KEN HOUSTON reports on the highly-controversial proposal by a Right-wing think-tank to transform the nation’s commuting habits

THERE is a belief – widely-held and not just confined to steam-era romantics – that the cuts imposed by Dr Richard Beeching half a century ago, which left huge swathes of Britain without access to railway services, were a disaster

Indeed, in recent years there has been a trend among national and local politicians to put back into service some of the lines that were lost, albeit on a relatively small scale.

However, according to the free-market think tank, the Institute of Economic Affairs, the country would be better served by further rail cuts, not less, especially in respect of commuter services.

It proposed last week that many commuter rail lines serving London and large provincial cities should be transformed into dedicated busways. In essence, it claims, the benefits would be as follows: lower fares and fewer government subsidies; more frequent and reliable services; an end to overcrowding with seats guaranteed on longer journeys; the ability to cheaply extend services to communities currently not served by rail.

The resultant savings could be as much as £6 billion per annum.

The IEA believes its case stands both socially and economically but that “a combination of rigid state control and powerful vested interests means there is little consideration of alternative ways of transporting large volumes of commuters”.

The 40 per cent of spending on the heavy rail network funded by government “has fuelled special interest groups and hampered efforts to embrace innovative alternatives in public transport”.

Although the proposals may seem revolutionary (and, to some, just plain daft), dedicated busways are already in operation, under construction or planned in several parts of England, including London, Bristol, Cambridgeshire, Bedfordshire, Hampshire, Durham, Cheshire and Lancashire.

These are not replacements for local rail services but much of each busway operates, or will operate, free of other traffic, over the track-bed of redundant rail lines.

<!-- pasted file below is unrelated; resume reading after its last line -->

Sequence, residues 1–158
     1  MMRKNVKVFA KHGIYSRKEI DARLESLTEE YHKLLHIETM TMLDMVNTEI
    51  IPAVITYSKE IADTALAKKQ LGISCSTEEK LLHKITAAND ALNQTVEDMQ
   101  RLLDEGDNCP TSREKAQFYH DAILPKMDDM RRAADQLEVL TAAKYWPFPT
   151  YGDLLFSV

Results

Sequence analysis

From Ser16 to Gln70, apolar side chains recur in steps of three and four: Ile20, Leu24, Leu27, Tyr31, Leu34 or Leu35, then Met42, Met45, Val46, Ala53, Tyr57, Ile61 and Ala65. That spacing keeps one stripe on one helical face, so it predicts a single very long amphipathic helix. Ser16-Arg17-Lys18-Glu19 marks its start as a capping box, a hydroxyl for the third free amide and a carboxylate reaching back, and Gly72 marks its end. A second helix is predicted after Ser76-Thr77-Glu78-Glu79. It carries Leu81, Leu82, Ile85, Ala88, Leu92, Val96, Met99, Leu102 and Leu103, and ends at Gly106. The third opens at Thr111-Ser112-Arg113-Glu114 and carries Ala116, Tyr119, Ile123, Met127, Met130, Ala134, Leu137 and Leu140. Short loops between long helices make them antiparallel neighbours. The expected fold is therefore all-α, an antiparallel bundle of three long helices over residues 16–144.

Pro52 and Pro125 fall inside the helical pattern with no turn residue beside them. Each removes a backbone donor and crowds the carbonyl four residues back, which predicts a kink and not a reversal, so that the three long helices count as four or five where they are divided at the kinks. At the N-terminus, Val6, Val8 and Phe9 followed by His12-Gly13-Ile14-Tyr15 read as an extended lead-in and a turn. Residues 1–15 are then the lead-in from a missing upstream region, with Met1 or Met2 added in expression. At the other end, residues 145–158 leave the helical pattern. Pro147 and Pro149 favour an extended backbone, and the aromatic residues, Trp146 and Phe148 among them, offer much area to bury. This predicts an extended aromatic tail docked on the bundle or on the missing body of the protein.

Public reaction to the schemes that have already opened has so, far, been mixed although this being a new concept (at least for the UK), some of the problems experienced might be put down to ‘teething troubles’.

Indeed most of those seem to arise on parts of the ‘line’ where the buses have to share the roadway; in principle there is a widespread view that busways, totally divorced from other road traffic, can provide a service as good as (although the IEA would say better than) that of a commuter rail service at considerably less cost.

A few years ago, Edinburgh did possess a short section of dedicated busway (later to become part of the tram line) but so far the only full busway project planned for Scotland is ‘Clyde Fastlink’, running from Glasgow city centre westwards along the north and south banks of the river.

The first phase of Fastlink should be operational this year but it is not yet clear if the scheme will be operated by conventional buses or the long, articulated ‘trams on rubber wheels’ pictured in the promotional literature.

For some years campaigners have called for the reinstatement of two railway branch lines in Fife – one to St Andrews and the other to Levenmouth and link these with the main east coast line. (With a combined population of 37,000, Levenmouth is said to be the largest urban community in Scotland without a rail service).

As the proposals have so far fallen on deaf ears (at least in terms of government funding), a dedicated busway linking with the nearest main-line stations might be seen as a viable alternative in each case. No doubt some will see this as a ‘cheapskate’ option but if the outcome is comfortable, faster and more reliable communications does the method of transportation really matter?